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accepted according acquire action actual admitted adopted Amendment American applied asserted attempt authority become body character citizens Civil clause compel condition Congress considered Constitution constitutionality convention course created decided decision declared denied determine direct doctrine duty effect elected enforce equal ernment established executive exercise existence express expressly extended fact federal courts Federal Government force foreign give given granted held hold impose individual inhabitants interfere Islands judges judgment judicial jurisdiction Justice laid legislation legislature limitations manner matter means ment National Government nature necessary never obligation officers operation opinion organ passed performance persons political position possession President prevent principle privileges proper protection question reason refuse regards regulation rendered respective rules secession Senate simply South sovereign sovereignty statute suit Supreme Court taken term territory theory tion treaty Union United whole
Page 274 - The records and judicial proceedings of the courts of any State or Territory, or of any such country, shall be proved or admitted in any other court within the United States, by the attestation of the clerk, and the seal of the court annexed, if there be a seal, together with a certificate of the judge, chief justice, or presiding magistrate, that the said attestation is in due form.
Page 79 - The power confided to me will be used to hold, occupy, and possess the property and places belonging to the Government and to collect the duties and imposts; but beyond what may be necessary for these objects, there will be no invasion, no using of force against or among the people anywhere.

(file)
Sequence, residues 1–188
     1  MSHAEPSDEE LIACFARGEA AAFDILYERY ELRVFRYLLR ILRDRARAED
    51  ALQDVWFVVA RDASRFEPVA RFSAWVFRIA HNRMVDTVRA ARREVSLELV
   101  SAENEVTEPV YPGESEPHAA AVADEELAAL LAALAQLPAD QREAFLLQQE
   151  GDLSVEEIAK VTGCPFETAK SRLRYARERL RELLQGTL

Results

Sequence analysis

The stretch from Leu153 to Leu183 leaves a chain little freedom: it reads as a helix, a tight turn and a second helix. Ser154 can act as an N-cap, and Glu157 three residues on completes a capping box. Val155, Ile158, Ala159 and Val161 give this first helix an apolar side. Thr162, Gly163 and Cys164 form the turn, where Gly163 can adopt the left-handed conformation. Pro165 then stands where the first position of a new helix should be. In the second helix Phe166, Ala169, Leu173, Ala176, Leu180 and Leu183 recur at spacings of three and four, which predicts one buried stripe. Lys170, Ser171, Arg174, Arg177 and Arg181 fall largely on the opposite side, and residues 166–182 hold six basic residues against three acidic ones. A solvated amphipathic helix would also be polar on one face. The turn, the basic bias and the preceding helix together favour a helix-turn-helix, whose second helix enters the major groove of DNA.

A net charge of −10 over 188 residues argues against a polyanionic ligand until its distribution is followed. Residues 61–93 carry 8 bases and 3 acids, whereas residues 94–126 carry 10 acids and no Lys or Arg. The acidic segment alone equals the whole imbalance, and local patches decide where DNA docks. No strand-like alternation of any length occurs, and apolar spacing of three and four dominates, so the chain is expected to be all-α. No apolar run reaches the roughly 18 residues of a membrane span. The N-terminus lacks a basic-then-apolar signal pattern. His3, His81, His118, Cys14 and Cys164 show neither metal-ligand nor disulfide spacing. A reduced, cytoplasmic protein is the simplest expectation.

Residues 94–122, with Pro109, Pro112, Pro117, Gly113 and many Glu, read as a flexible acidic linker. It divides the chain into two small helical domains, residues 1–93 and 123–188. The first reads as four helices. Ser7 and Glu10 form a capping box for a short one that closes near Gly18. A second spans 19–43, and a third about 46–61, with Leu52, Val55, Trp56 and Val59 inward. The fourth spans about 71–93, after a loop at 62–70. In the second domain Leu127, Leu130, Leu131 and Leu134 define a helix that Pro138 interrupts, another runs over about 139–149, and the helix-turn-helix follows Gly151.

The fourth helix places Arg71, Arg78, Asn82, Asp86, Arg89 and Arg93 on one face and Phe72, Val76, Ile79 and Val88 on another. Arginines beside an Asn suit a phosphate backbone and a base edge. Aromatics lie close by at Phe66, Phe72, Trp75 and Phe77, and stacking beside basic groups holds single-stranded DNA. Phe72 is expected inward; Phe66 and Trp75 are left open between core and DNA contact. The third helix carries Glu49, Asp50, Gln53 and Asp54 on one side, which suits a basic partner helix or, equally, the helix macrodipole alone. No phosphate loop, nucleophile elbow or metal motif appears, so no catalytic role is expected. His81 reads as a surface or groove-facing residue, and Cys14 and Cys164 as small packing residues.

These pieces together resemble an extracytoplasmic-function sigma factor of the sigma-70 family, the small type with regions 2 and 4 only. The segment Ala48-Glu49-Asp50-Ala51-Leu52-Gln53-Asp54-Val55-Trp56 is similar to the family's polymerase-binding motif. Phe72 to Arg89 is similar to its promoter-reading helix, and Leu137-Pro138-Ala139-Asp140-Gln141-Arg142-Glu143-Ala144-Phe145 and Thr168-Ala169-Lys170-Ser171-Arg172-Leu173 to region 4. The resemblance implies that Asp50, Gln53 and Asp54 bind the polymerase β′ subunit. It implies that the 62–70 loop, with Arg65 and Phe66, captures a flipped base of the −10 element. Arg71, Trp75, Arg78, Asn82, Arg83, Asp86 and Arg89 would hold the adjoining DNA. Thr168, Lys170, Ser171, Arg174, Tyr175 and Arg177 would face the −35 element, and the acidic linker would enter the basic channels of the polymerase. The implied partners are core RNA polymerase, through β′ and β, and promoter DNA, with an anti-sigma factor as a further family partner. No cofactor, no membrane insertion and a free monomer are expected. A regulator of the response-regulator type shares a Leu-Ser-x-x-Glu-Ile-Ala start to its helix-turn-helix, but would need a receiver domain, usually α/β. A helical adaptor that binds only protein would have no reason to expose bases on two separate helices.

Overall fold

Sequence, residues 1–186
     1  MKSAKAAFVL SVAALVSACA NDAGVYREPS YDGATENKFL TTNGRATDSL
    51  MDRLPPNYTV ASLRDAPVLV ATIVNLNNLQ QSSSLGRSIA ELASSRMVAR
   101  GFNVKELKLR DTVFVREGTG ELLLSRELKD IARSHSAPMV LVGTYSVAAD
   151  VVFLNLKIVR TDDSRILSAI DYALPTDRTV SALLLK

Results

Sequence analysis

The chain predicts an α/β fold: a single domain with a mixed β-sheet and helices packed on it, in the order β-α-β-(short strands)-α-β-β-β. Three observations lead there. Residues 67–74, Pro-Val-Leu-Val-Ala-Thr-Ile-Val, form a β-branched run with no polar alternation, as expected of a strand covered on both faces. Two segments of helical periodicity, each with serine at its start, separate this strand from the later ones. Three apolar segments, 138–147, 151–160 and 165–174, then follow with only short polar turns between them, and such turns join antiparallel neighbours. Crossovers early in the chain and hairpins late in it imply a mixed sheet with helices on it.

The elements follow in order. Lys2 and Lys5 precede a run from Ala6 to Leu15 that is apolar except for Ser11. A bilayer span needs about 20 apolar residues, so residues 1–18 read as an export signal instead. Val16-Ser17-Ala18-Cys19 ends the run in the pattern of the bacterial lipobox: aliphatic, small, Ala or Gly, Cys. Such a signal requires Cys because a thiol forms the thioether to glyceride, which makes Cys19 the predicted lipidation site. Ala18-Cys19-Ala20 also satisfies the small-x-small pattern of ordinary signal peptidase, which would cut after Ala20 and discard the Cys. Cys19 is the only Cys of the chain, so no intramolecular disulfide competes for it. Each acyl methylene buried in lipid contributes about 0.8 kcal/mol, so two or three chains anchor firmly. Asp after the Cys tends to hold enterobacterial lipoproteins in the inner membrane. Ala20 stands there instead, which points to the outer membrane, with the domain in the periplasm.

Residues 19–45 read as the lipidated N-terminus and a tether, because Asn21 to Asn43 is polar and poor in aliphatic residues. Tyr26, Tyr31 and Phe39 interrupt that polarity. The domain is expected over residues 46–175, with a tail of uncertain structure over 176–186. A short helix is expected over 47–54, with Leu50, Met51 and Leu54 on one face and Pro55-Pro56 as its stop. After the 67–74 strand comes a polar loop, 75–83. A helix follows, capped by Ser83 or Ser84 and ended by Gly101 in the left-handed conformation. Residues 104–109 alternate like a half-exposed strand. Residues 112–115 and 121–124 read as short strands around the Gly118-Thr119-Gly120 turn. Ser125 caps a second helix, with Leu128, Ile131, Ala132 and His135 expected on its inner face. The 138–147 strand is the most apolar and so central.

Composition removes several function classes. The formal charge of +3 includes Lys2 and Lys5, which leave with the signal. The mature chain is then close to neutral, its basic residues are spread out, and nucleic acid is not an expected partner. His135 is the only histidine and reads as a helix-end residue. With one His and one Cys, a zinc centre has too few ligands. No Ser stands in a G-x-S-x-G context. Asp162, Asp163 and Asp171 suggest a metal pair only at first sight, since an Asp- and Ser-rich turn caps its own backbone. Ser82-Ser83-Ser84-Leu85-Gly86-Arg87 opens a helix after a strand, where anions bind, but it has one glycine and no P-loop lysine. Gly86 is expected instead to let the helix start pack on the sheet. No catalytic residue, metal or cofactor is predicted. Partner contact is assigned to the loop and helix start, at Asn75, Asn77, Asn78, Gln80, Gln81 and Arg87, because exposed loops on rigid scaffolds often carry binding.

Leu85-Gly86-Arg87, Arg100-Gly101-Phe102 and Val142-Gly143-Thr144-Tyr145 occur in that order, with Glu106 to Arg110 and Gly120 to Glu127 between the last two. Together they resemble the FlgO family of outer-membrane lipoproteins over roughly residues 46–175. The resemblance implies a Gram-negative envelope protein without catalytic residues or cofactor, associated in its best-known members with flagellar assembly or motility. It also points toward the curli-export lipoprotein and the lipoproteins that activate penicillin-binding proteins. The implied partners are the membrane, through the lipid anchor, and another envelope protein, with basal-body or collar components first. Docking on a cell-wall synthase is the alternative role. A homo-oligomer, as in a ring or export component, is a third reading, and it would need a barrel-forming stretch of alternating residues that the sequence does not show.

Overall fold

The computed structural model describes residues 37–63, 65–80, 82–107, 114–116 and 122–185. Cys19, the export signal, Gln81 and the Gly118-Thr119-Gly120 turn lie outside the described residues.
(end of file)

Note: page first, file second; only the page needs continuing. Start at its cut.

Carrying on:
Page 48 - ... ordained and established' in the name of the people; and is declared to be ordained 'in order to form a more perfect Union, establish justice, insure domestic tranquillity, and secure the blessings of liberty to themselves and to their posterity.' The assent of the States in their sovereign capacity is implied in calling a convention, and thus submitting that instrument to the people. But the people were at perfect liberty to accept or reject it, and their act was final. It required not the affirmance,...
Page 80 - ... and I hereby command the persons composing the combinations aforesaid to disperse, and retire peaceably to their respective abodes within twenty days from this date.
Page 314 - Daniel of St. Thomas Jenifer, Daniel Carroll. VIRGINIA — John Blair, James Madison, Jr. NORTH CAROLINA — William Blount, Richard Dobbs Spaight, Hugh Williamson. SOUTH CAROLINA — John Rutledge, Charles Cotesworth Pinckney, Charles Pinckney, Pierce Butler. GEORGIA — William Few, Abraham Baldwin. Attest: William Jackson, Secretary.
Page 260 - Spanish subjects, natives of the Peninsula, residing in the territory over which Spain by the present treaty relinquishes or cedes her sovereignty, may remain in such territory or may remove therefrom, retaining in either event all their rights of property, including the right to sell or dispose of such property or of its proceeds; and they shall also have the right to carry on their industry, commerce, and profession, being subject in respect thereof to such laws as are applicable to other foreigners.
Page 132 - that the laws of the several States, except where the Constitution, treaties, or statutes of the United States shall otherwise require or provide, shall be regarded as rules of decision in trials at common law in the courts of the United States, in cases where they apply.
Page 248 - States, whose fathers were or may be at the time of their birth citizens thereof, are declared to be citizens of the United States; but the rights of citizenship shall not descend to children whose fathers never resided in the United States.
Page 283 - Having no absolute right of recognition in other States but depending for such recognition and the enforcement of its contracts upon their assent, it follows, as a matter of course, that such assent may be granted upon such terms and conditions as those States may think proper to impose. They may exclude the foreign corporation entirely ; they may restrict its business to particular localities, or they may exact such security for the performance of its contracts with their citizens as in their judgment...
Page 119 - Under this article of the constitution it rests with congress to decide what government is the established one in a State. For as the United States guarantee to each State a republican government, congress -must necessarily decide what government is established in the State before it can determine whether it is republican or not.